portfolios were still novel. Soros was never afraid to rush in where
others feared to tread.
    While many wealthy Americans would have been all too pleased
to join the Double Eagle Fund, Soros did not need them. He knew that
he would be able to attract high-ying European clients despite their
reputation for being ckle, for the fund’s signicant tax advantages
were bound to enhance their loyalty. He was right; he lured an inter-
national clientele that included wealthy Europeans, Arabs, and South
Americans. He operated the fund from his New York headquarters.
But like many offshore funds, Double Eagle was based in Curacao in
the Dutch Antilles, where it escaped both SEC scrutiny and capital
gains taxes.
    Hedge funds. In the late 1960s they were little known, less under-
stood. In 1957, Warren Buffett had started his own high-ying hedge
fund. But when Soros set out in 1969, few knew what such funds did.
That would of course change by the 1990s.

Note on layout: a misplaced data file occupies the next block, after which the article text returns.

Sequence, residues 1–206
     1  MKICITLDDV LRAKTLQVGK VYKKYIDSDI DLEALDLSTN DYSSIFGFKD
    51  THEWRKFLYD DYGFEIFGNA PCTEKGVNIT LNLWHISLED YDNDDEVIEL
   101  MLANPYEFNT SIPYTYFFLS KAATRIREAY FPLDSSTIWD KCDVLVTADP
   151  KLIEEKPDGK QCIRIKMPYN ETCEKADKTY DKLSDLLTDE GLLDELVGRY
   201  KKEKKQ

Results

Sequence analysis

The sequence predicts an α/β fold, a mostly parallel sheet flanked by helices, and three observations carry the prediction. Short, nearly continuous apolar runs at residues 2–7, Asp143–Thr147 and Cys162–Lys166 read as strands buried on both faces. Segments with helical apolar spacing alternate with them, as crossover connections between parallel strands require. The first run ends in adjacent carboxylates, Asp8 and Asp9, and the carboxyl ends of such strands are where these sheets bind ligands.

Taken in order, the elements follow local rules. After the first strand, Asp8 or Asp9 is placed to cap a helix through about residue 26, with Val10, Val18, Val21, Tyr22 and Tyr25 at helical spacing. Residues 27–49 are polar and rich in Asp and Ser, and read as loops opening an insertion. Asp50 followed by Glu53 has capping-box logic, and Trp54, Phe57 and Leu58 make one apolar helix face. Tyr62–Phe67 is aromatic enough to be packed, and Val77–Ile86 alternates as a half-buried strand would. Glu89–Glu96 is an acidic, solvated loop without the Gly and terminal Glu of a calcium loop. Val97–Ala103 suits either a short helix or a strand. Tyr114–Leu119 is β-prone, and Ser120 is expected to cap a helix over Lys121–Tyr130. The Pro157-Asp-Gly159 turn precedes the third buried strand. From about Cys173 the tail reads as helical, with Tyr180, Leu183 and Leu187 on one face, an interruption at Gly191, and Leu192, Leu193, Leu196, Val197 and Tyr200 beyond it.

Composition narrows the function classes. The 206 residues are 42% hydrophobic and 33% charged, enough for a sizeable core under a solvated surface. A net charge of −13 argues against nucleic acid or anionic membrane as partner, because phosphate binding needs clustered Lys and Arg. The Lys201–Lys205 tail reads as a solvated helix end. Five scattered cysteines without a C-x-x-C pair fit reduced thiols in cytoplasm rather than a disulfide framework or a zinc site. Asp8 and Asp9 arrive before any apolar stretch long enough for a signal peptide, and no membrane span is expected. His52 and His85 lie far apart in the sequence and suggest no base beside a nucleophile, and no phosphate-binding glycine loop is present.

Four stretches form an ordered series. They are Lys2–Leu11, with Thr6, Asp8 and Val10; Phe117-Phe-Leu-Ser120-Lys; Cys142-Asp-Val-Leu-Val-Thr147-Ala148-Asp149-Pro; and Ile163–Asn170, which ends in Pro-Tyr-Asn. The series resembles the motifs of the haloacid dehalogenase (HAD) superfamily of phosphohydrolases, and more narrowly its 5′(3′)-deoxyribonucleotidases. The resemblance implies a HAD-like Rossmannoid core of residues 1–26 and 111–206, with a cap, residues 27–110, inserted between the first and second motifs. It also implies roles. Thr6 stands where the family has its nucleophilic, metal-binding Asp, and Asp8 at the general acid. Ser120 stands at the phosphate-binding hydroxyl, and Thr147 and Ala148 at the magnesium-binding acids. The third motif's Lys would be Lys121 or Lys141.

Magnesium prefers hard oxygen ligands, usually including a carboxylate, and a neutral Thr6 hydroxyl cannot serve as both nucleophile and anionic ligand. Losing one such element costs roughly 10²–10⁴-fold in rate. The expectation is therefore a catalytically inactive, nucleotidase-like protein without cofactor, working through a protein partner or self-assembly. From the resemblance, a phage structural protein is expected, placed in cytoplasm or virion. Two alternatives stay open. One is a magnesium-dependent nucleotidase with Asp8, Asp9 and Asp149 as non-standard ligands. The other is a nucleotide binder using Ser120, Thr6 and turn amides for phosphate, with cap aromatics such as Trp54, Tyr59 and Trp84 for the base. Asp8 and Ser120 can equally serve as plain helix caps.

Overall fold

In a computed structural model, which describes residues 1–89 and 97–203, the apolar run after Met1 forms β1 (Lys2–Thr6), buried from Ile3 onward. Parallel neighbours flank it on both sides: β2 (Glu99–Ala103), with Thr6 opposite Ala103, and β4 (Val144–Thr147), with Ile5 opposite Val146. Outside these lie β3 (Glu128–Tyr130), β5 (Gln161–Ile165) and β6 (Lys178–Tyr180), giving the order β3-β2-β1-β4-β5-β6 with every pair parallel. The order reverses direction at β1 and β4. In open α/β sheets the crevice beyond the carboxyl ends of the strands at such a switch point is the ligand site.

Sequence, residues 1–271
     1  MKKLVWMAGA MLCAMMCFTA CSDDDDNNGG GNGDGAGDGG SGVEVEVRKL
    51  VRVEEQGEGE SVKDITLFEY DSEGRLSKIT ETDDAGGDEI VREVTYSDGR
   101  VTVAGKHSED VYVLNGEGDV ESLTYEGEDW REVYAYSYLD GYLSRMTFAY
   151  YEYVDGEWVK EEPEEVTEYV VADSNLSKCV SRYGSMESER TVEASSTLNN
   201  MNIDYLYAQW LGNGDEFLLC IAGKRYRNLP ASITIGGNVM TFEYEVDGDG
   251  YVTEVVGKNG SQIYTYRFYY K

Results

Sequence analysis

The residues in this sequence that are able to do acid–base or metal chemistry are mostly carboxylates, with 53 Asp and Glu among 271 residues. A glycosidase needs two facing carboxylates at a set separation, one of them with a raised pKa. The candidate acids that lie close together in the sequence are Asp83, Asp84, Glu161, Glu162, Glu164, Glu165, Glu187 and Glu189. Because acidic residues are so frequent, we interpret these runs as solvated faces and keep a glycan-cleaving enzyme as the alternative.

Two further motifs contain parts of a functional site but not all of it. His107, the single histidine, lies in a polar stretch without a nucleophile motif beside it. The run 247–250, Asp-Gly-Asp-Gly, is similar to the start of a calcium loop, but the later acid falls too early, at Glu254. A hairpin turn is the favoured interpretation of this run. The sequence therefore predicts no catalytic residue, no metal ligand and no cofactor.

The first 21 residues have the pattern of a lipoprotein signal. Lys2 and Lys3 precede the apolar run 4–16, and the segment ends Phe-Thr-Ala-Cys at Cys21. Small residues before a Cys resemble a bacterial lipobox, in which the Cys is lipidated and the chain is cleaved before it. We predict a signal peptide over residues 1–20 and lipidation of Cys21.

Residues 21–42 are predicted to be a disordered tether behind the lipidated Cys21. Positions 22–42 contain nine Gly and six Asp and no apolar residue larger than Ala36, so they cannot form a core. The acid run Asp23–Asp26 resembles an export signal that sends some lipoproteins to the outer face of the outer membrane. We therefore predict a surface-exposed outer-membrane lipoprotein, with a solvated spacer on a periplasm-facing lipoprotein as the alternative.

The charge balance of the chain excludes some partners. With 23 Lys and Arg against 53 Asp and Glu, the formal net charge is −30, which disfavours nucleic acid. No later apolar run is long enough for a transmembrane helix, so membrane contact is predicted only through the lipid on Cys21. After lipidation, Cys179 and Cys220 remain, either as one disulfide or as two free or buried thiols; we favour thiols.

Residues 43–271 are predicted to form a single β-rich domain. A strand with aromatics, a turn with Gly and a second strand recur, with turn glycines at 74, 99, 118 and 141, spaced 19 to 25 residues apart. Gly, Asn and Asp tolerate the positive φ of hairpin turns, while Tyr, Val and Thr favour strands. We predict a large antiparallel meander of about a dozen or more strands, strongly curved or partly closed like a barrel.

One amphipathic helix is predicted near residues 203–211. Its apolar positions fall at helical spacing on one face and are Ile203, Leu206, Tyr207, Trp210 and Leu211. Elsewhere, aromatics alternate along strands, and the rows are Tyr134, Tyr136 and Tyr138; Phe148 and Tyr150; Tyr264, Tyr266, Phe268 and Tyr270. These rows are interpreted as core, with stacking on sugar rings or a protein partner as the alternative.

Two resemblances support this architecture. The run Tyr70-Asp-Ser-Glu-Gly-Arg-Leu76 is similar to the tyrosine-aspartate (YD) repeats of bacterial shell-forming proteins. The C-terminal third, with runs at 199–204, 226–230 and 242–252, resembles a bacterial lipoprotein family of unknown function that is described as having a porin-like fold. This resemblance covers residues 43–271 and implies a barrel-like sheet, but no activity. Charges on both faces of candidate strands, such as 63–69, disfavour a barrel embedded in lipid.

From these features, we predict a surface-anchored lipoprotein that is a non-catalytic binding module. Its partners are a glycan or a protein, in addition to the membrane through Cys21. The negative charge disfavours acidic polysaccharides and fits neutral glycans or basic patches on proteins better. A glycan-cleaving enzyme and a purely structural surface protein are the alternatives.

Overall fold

And George Soros would become head of the greatest hedge fund
of them all.
    Soros was among the rst in the hedge fund eld, where the prots
are potentially sky-high. He was also the rst to use the controversial
nancial instrument called derivatives, closely associated with the
hedge fund crowd.
    Hedge funds were created by Alexander Winslow Jones, a former
journalist and academic, in 1949. Noting that some parts of an econ-
omy did well while others parts did poorly, Jones devised a scale of
investing. A very bullish investor might go long with 80 percent of
his positions, and short the other 20 percent. A very bearish investor
might go short 75 percent of his positions, and go long the other 25